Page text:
Get your financial ducks in order

Case Closed

Robert C. Port  |  Mar 8, 2023

EVERYTHING I KNOW about managing money I learned in court. As part of my legal practice, I represent people involved in disputes over money or property. These can include claims against financial advisors for alleged misconduct, contested wills and trust disputes, and family members at odds over a family business.

These disputes can teach us important personal finance lessons. Here are four lessons—learned the hard way—from four cases my firm handled. All are based on an actual case, though names and details are changed to protect the litigants’ privacy.

Case No. 1: Life insurance goes to the ex-spouse. Jane and John’s divorce was bitter. Even after their divorce was final, Jane had to go back to court asking that John be held in contempt for failing to pay child support. Imagine, then, Jane’s surprise when 15 years later she received a letter from a life insurance company expressing its condolences on John’s death—and enclosing the forms necessary to claim his $1 million policy.

Jane was listed as the beneficiary of John’s life insurance policy, which the insurance company was obligated to follow under state law. John’s widow promptly sued to try to prevent Jane from getting the payment. Still, the court awarded the $1 million policy proceeds to Jane, along with a small bank account, for which Jane was also listed as a joint owner at John’s death.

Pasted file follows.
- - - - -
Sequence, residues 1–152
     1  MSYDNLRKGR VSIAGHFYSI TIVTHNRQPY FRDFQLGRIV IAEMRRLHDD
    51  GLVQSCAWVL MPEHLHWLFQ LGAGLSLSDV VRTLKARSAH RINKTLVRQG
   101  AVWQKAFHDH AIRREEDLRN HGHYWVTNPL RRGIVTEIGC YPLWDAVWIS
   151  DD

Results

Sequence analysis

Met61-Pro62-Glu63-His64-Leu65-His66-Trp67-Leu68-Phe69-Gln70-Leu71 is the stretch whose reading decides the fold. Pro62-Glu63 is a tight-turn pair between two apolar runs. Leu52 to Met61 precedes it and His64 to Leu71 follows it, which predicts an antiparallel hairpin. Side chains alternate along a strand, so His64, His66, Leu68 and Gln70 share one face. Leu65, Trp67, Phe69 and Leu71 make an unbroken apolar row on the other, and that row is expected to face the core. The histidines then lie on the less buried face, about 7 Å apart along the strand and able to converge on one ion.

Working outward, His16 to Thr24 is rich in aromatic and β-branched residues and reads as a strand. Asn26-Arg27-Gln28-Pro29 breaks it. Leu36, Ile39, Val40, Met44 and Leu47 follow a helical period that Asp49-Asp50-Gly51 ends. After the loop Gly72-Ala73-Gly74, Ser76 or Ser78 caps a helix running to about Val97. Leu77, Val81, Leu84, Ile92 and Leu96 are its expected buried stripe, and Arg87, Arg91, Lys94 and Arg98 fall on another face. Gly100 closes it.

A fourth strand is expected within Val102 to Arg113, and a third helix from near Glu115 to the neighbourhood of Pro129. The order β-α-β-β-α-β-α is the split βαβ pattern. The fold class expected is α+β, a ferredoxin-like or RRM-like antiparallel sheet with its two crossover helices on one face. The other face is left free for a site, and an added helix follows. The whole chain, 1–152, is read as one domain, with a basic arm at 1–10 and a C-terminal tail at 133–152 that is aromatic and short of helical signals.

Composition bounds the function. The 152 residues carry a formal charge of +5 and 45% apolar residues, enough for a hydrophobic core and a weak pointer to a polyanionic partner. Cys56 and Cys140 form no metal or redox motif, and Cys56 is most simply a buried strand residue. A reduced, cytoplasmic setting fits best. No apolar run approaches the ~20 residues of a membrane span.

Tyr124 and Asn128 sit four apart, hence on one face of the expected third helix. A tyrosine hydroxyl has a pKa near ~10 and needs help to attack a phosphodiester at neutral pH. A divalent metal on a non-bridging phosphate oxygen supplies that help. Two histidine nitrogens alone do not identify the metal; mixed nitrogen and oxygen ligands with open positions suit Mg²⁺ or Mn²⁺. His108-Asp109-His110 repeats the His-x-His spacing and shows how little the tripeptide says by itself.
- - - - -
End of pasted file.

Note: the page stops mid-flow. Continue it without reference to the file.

Lesson learned: If you’re contemplating divorce, identify all financial assets which have a survivorship or beneficiary designation. These can include life insurance, and bank, brokerage, and retirement accounts. Discuss with your divorce attorney how they should be addressed.

In some states, a divorce automatically prevents an ex-spouse from being the beneficiary of a life insurance policy or receiving the financial accounts of an ex-spouse. In others states, however, the divorce decree must specifically disclaim all future rights. If it doesn’t, the law treats written beneficiary directives that are in effect at death as the deceased’s final wishes for where assets should go—even if it’s to the ex-spouse.

Read the rest of this story with more examples of how people get into financial trouble.

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